CMOS integration of inkjet-printed graphene for humidity sensing.

Santra S, Hu G, Howe RC, De Luca A, Ali SZ, Udrea F, Gardner JW, Ray SK, Guha PK, Hasan T - Sci Rep (2015)

Temperature versus input power testing with the correlation coefficient r given.
© Copyright Policy - open-access
Related In: Results  -  Collection

License
Show All Figures
getmorefigures.php?uid=PMC4663628&req=5

f2: Temperature versus input power testing with the correlation coefficient r given.
Mentions: The characteristic power versus temperature plot (up to 217 °C) of the μHP device is given in Fig. 2. To calculate the power consumption, the resistive μHPs are first calibrated to up to 300 °C using a computer controlled high temperature chuck (Signatone S-1060R-6TG). Two temperature coefficients of resistance (α, β) are calculated from the measured value using the relationship: , where is the resistance of the heater at room temperature , and is the temperature increase. The values of α (2.05 × 10−3 K−1) and β (0.2 × 10−6 K−2) are very closely matched to the values provided by the CMOS foundry. A constant current is supplied to the HP and the voltage is measured across the heater. From the constant current and measured voltage, the power supplied to the devices is calculated. The corresponding heater temperature is calculated from the change in resistance using , values estimated during the calibration. Over small temperature changes, a linear function is fitted through the experimental points of power versus temperature plot, yielding an electrothermal transduction efficiency of 8.46 °C/mW; Fig. 2.

Bottom Line: The graphene ink is produced via ultrasonic assisted liquid phase exfoliation in isopropyl alcohol (IPA) using polyvinyl pyrrolidone (PVP) polymer as the stabilizer.When the sensors are exposed to relative humidity ranging from 10-80%, we observe significant changes in resistance with increasing sensitivity from the amount of graphene in the inks.Our sensors show excellent repeatability and stability, over a period of several weeks.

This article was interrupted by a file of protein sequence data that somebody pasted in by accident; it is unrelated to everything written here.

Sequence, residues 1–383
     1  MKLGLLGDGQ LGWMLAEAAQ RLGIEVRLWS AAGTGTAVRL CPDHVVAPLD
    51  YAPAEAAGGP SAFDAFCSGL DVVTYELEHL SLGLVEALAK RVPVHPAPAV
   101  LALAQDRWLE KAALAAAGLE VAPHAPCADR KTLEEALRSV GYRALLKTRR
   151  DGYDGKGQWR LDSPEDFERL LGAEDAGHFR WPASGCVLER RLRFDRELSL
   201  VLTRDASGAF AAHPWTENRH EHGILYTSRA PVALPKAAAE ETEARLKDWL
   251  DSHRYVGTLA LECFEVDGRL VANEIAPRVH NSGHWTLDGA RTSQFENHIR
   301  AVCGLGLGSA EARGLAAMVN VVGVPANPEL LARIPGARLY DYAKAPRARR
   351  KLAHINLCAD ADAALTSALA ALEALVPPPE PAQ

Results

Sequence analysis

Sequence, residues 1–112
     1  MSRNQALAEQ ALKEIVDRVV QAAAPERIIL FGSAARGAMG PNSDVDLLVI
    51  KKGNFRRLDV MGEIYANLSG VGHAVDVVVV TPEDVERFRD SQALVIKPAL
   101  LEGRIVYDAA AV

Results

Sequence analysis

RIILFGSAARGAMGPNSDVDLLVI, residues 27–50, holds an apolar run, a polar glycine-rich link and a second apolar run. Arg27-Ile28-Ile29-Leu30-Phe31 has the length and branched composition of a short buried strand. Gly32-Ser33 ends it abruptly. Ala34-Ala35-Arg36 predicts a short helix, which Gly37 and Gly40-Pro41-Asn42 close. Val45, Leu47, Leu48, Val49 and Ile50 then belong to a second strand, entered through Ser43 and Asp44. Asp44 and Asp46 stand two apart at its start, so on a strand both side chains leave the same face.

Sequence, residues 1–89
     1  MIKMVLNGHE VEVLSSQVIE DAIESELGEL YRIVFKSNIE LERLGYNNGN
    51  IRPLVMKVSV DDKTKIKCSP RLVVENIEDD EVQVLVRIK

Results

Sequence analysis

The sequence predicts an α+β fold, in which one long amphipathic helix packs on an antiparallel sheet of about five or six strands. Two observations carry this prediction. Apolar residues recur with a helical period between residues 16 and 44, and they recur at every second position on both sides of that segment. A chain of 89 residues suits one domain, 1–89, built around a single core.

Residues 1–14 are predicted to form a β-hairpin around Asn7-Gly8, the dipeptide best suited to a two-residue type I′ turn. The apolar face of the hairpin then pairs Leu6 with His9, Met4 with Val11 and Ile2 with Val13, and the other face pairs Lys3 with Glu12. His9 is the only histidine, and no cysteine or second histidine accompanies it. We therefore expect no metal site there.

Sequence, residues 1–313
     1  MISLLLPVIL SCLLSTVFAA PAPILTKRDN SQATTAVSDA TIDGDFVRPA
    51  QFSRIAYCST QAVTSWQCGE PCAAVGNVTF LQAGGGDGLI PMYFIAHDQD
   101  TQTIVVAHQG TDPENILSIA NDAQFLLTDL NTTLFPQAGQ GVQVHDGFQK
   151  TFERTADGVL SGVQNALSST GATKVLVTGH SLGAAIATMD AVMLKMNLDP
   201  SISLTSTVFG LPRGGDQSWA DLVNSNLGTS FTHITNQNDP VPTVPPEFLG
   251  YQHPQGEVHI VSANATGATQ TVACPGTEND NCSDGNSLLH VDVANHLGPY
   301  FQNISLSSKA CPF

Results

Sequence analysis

View Article: PubMed Central - PubMed

Affiliation: Department of Physics, Indian Institute of Technology, Kharagpur, 721302, India.

ABSTRACT
We report on the integration of inkjet-printed graphene with a CMOS micro-electro-mechanical-system (MEMS) microhotplate for humidity sensing. The graphene ink is produced via ultrasonic assisted liquid phase exfoliation in isopropyl alcohol (IPA) using polyvinyl pyrrolidone (PVP) polymer as the stabilizer. We formulate inks with different graphene concentrations, which are then deposited through inkjet printing over predefined interdigitated gold electrodes on a CMOS microhotplate. The graphene flakes form a percolating network to render the resultant graphene-PVP thin film conductive, which varies in presence of humidity due to swelling of the hygroscopic PVP host. When the sensors are exposed to relative humidity ranging from 10-80%, we observe significant changes in resistance with increasing sensitivity from the amount of graphene in the inks. Our sensors show excellent repeatability and stability, over a period of several weeks. The location specific deposition of functional graphene ink onto a low cost CMOS platform has the potential for high volume, economic manufacturing and application as a new generation of miniature, low power humidity sensors for the internet of things.

No MeSH data available.


Related in: MedlinePlus